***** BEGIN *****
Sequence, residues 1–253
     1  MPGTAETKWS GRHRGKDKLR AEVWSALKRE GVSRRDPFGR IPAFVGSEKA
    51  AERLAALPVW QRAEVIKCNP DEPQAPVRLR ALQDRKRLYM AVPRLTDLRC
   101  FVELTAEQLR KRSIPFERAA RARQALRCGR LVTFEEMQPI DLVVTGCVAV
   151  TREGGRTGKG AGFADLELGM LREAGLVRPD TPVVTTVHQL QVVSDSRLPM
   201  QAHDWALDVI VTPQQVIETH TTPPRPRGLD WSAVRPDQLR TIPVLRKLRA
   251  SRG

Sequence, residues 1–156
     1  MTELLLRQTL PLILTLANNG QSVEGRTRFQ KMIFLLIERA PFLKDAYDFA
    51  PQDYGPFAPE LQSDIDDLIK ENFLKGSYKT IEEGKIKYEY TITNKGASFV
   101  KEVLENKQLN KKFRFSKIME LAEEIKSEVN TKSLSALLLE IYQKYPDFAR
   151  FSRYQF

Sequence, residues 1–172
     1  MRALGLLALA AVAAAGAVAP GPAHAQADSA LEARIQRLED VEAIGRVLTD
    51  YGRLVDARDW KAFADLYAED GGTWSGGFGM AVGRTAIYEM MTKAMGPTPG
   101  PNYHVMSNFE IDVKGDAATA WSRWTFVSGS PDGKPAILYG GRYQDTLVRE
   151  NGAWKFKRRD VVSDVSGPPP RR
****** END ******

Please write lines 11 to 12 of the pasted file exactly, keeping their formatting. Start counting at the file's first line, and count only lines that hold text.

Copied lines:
   101  KEVLENKQLN KKFRFSKIME LAEEIKSEVN TKSLSALLLE IYQKYPDFAR
   151  FSRYQF